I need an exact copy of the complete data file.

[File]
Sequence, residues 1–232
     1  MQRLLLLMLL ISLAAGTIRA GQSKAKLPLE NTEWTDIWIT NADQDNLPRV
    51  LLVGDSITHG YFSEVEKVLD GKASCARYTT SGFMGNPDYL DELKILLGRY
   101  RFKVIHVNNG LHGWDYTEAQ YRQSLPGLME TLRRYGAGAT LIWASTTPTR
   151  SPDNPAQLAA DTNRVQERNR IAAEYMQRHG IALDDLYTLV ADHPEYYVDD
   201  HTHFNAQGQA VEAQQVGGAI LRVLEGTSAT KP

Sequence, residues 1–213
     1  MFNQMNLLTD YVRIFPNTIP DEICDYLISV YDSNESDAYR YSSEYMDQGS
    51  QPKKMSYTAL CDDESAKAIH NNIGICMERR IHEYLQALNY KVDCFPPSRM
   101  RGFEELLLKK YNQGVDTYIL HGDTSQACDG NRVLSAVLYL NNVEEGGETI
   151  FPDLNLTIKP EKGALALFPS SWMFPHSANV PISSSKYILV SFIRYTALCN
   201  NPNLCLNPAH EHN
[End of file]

Sequence, residues 1–232
     1  MQRLLLLMLL ISLAAGTIRA GQSKAKLPLE NTEWTDIWIT NADQDNLPRV
    51  LLVGDSITHG YFSEVEKVLD GKASCARYTT SGFMGNPDYL DELKILLGRY
   101  RFKVIHVNNG LHGWDYTEAQ YRQSLPGLME TLRRYGAGAT LIWASTTPTR
   151  SPDNPAQLAA DTNRVQERNR IAAEYMQRHG IALDDLYTLV ADHPEYYVDD
   201  HTHFNAQGQA VEAQQVGGAI LRVLEGTSAT KP

Sequence, residues 1–213
     1  MFNQMNLLTD YVRIFPNTIP DEICDYLISV YDSNESDAYR YSSEYMDQGS
    51  QPKKMSYTAL CDDESAKAIH NNIGICMERR IHEYLQALNY KVDCFPPSRM
   101  RGFEELLLKK YNQGVDTYIL HGDTSQACDG NRVLSAVLYL NNVEEGGETI
   151  FPDLNLTIKP EKGALALFPS SWMFPHSANV PISSSKYILV SFIRYTALCN
   201  NPNLCLNPAH EHN